For some reason, the more I try to avoid vampire books, the more vampire books I end up reading. I don’t have anything against vampire books, in fact, I prefer vampire books to werewolf books any day of the week, but vampires have become such a staple of certain genres that they’re almost boring. What attracted me to The Coldest Girl in Coldtown was the striking cover and the fact that it was getting some rave reviews from some of the more critical review blogs I check on occasion.
After a perfectly ordinary party, Tana wakes up surrounded by corpses. The only survivor of the massacre is her ex, Aidan, who has been infected by vampires, and a mysterious boy with a terrible secret. Determined to save them, Tana enters a race against the clock to bring them to Coldtown, an opulent prison where predator and prey mingle and no one ever leaves, with the odds stacked against her and an ex with an unquenchable thirst for human blood, can Tana find a way to save them both? Or will she find herself falling for a monster.
This book is one of the most melodramatic books I’ve ever read.
The best way to describe this book is take almost every popular trope in vampire fiction, and a heaping pile of melodramatic prose, and sprinkle with quotes from Romantic period poets. In the hands of any other writer it could have been disastrous, but somehow it ends up working. It’s clearly a love letter to books that have come before it, but it’s also a weird beast. It’s like it’s so dramatic that it would normally be awful but somehow, somehow it isn’t. or else I was willing to tolerate it.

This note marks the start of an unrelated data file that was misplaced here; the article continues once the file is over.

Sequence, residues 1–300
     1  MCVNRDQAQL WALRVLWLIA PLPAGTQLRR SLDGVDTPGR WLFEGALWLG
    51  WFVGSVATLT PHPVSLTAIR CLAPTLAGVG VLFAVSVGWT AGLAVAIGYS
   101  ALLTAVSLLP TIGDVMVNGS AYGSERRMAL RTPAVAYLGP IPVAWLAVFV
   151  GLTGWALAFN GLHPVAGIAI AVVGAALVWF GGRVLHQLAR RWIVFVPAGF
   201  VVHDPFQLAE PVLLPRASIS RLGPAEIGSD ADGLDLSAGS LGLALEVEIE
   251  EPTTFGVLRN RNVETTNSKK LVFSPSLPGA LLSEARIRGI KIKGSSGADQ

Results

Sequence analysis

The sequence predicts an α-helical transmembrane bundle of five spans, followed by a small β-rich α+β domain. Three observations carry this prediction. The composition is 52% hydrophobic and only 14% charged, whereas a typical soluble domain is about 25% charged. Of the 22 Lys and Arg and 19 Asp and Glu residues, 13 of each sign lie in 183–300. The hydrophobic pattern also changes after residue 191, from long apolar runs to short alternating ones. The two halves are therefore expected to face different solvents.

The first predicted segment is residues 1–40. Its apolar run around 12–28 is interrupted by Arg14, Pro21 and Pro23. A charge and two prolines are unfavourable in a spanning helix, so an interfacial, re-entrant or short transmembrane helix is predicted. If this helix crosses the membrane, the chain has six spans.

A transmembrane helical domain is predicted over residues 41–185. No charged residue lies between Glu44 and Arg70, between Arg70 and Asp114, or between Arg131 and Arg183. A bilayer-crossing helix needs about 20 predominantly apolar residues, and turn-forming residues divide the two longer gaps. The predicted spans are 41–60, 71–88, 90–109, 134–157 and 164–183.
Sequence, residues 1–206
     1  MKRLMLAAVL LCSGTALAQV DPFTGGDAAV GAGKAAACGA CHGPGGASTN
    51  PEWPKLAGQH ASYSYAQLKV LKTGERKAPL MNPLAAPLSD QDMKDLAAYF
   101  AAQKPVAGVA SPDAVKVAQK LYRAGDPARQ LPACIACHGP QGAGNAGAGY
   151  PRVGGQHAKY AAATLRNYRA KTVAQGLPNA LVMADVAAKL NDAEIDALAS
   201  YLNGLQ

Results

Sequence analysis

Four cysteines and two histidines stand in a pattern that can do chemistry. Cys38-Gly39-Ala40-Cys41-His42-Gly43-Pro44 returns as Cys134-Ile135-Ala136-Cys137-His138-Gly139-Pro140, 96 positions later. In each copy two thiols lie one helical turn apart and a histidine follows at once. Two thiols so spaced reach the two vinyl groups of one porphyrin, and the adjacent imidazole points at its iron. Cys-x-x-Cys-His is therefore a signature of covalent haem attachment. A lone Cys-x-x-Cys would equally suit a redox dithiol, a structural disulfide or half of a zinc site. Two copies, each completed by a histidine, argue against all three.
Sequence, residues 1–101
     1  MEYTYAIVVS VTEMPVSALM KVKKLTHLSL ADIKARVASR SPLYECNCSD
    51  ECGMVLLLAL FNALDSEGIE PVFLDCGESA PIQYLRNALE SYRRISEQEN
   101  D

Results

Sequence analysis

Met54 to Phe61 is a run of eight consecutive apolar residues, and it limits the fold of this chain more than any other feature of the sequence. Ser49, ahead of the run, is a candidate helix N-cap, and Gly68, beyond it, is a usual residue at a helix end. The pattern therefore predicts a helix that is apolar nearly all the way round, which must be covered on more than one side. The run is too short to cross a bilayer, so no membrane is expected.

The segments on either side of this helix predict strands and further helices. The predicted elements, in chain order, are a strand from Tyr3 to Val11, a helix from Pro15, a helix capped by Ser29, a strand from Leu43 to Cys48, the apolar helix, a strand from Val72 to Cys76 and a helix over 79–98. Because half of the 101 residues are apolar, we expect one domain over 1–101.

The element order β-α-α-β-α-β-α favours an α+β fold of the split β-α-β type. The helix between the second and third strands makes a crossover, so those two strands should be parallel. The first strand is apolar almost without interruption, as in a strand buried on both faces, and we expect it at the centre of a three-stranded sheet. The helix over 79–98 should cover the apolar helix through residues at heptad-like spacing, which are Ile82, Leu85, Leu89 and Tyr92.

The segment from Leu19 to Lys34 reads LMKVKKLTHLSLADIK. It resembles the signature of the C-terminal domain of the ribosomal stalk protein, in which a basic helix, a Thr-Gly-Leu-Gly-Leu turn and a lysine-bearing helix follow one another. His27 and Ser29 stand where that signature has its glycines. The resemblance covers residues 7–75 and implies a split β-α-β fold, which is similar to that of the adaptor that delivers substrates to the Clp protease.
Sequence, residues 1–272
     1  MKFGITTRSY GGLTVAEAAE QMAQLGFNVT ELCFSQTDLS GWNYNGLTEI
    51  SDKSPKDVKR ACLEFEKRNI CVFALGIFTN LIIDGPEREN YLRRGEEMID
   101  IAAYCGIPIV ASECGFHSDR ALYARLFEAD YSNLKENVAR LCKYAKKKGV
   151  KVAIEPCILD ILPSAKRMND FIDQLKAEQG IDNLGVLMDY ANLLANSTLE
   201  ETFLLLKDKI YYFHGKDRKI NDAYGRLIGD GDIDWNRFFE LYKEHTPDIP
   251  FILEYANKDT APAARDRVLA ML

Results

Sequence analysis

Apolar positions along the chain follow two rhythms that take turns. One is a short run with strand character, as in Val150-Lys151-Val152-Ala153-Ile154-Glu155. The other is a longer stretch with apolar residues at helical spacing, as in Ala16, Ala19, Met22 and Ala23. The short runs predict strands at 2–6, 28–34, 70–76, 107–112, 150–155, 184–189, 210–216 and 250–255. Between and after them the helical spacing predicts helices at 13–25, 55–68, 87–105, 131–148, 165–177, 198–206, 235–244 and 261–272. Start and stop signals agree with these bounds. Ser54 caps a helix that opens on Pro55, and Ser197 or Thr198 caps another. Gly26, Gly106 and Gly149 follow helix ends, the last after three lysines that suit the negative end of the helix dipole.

It helps that the main character Tana is a bit more realistic than a typical heroine in a vampire story. Although I found myself questioning her actions at the beginning, she quickly grew on me, and it’s hard not to hate a scared young woman trying desperately to help her friends when her entire world is going to hell in a handbasket. Gavriel is more of an enigma, straddling the line between romantic hero (with an appropriate tragic backstory) and monster, and Tana is all too aware of that even as she realizes she’s falling for him (tropes, remember?). The book doesn’t let her (or the reader) be complacent, and just as you’re starting to warm to the vampires, the fangs come out and remind you that while they might have pretty faces, they are still Other, and the Other is dangerous. One thing I also appreciated is that this book is a standalone title, so prospective readers don’t have to worry about committing to a series.
That said, although I liked the book, it’s definitely not one I’ll be reading year after year. I had to be in a particular mood to appreciate it, and I also feel that while the abundance of tropes adds to the book’s charm, I felt like there were ample opportunities to try something different, although the major twist at the end was interesting. I can easily see that it won’t be to everyone’s taste, and I completely understand anyone who says they’re turned off by the melodrama. This is a book that begins every chapter with a quote from Romantic poets about death, after all, which seems like something out of angsty fanfiction.
In terms of diversity, there are a few characters of colour, the most prominent being Jameson, who is Latino, and Valentina is a trans girl (who, interestingly, came to Coldtown wanting to be turned because she couldn’t afford gender confirmation surgery). Aidan, Tana’s ex, is bisexual, a flawed character who makes a number of questionable decisions but eventually comes through in the end.
Potential triggers include copious descriptions of blood-drinking as well as bloody imagery in general, the vampires in this book mostly drink with the aid of stints and needles. There’s also at least one explicit description of torture.
The Coldest Girl in Coldtown is a strange book that I would have absolutely hated if it had been written by anyone else. I won’t say I absolutely 200% loved it, and it was incredibly slow at times. but I ended up liking it despite my initial impression of it as too melodramatic for its own good. It’s definitely not for everyone but if you want a weird homage to modern vampire fiction, this just might be your ticket.